There is a common perception, even among some criminologists, that the effects of white-collar crimes (and other excluded harms) may be scattered over long periods of time and over millions of people, with "no persons suffering much at a particular time" (Sutherland 1977a:269). Yet, there is growing evidence of immense damage caused by excluded harms. For example, Frank and Lynch (1992:1-11) document the costs of physical damage to individuals and society by means of deadly pollutants, preventable work-related "accidents" (as they are called), occupational diseases and deaths, and faulty consumer products. Reiman (1990:58-63) illustrates the injuries and deaths caused to innocent Americans because of hazardous working conditions. Simon and Eitzen (1993:49-73, 113-4, 121-56) and Simon (1999) discuss individual cases of fraud by companies in the United States and trace harms to the savings and loan scandals and tax breaks given exclusively to the rich. They also document the dangers associated with unsafe products, working conditions, and food products. Friedrichs (1995:70-88) shows the harms associated with corporate violence against the public, consumers, and against workers, and illustrates harms resulting from fraud, tax evasion, price-fixing, price gouging, false advertising, and so forth. Weisburd and his colleagues (1991:22-38) document the nature and extent of anti-trust violations, multiple types of fraud, bribery, tax violations, and embezzlement. Rosoff et al. (1998) illustrate case study after case study of crimes against consumers and the environment that are committed by government, public officials, and doctors. Moreover, Robinson (1998) highlights the tremendous physical and financial harms resulting from the manufacture, advertisement, and use of cigarettes in the United States. With the almost unlimited opportunity to engage in such behaviors, coupled with the lack of investigation into them, the actual incidence and prevalence of excluded harms are hard to accurately establish. Nevertheless, damages associated with these types of excluded harms clearly dwarf damages from all street crimes combined (Friedrichs 1995:53-8).
Many believe that violence resulting from excluded harms is not prevalent enough to be seen as "a general indicator of crime seriousness" (Weisburd and Schlegel 1992:359). Excluded harms are not perceived as serious "crimes" relative to typical street crimes, but this may be the result of the relative lack of emphasis given to excluded harms. As noted by Friedrichs (1995:58), despite the fact that most people are not victimized by serious street crimes such as murder, rape, robbery, burglary and aggravated assault, the "most common image of a crime victim" is that of a victim of street crime. This is true in spite of Friedrichs assertion that "all of us, without exception" are victims of some form of excluded harm, "often without being aware of it."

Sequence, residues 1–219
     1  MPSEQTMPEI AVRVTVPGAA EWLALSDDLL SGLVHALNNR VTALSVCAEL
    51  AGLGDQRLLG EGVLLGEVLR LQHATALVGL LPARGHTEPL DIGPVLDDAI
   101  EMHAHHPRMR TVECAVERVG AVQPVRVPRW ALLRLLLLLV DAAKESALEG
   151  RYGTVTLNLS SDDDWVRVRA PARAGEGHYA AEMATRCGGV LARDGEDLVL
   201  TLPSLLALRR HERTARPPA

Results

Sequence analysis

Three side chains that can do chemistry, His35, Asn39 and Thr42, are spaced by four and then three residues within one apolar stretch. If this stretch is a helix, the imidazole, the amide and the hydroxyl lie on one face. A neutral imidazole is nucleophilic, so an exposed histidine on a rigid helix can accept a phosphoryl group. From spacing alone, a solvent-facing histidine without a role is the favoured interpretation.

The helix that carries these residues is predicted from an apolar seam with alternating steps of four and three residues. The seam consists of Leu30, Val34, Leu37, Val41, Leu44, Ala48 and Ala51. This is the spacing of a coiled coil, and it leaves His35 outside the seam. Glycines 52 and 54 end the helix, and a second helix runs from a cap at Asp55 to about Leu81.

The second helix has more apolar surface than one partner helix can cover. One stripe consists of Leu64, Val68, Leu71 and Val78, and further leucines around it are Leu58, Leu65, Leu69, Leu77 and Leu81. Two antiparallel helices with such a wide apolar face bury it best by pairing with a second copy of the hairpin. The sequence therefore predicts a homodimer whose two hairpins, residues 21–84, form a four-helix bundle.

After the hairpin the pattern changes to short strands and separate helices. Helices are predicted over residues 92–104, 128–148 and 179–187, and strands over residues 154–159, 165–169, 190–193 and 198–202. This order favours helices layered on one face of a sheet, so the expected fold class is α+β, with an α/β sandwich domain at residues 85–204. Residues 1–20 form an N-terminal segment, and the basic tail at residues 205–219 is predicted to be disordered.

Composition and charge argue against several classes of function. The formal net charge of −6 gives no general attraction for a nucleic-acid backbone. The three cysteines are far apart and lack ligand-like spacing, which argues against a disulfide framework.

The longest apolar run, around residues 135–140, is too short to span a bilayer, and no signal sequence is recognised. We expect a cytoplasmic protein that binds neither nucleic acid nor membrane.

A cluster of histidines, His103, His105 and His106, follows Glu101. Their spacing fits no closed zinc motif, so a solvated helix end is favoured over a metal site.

People probably do not generally perceive excluded harms to be serious threats to their personal safety or property (Rosoff et al. 1998). This can be attributed to several factors. First, victims of excluded harms are often unaware of their victimization, since there is little direct contact between the offender and the victim (Friedrichs 1995:58; Weisburd and Schlegel 1992:359), making such acts less "obvious" (Sutherland 1977a:269). Second, when excluded harms are committed and detected, they are not frequently reported through the television medium (Chermak 1995). When these acts are discovered, their perpetrators are "treated tenderly" by the mass media (Geis and Meier 1977:4; Welch et al. 1998; Williams 1992), so that the white-collar criminal is portrayed such a way that "images of evils are hard to generate" (Levi 1992:190). Victimization from some excluded harms carries little "emotive baggage" (Levi 1992:170). In fact, victims of harmful behaviors such as white-collar crime may even be seen as blameworthy for their own victimization, since in cases of monetary offenses like fraud, the victims "parted with the money or goods voluntarily, albeit under false circumstances" (Levi 1992:189; also see Friedrichs 1995:60-1). By inference, when the victim is to blame, the offender may not be.
Third, coverage of street crime in the media has recently dramatically increased (Chiricos 1995; Welch et al. 1998), especially the reporting of bizarre, random acts of violence (Barlow, Barlow, and Chiricos 1995; Marsh 1991; Ruel 1994). This has occurred despite decreases in actual crime rates (Chiricos 1995). Therefore, citizens who are exposed to selective media reports about certain types of crimes and not others (Barak 1995) are effectively coerced into worrying about street crimes exclusively. The result is that the public has a "condoning, indifferent, or ambivalent attitude" to excluded harms such as white-collar crimes (Aubert 1977:171-2). Even when members of society perceive some excluded harms as serious problems, they are not behaviors that make us feel unsafe in our homes or neighborhoods (Weisburd and Schlegel 1992:361).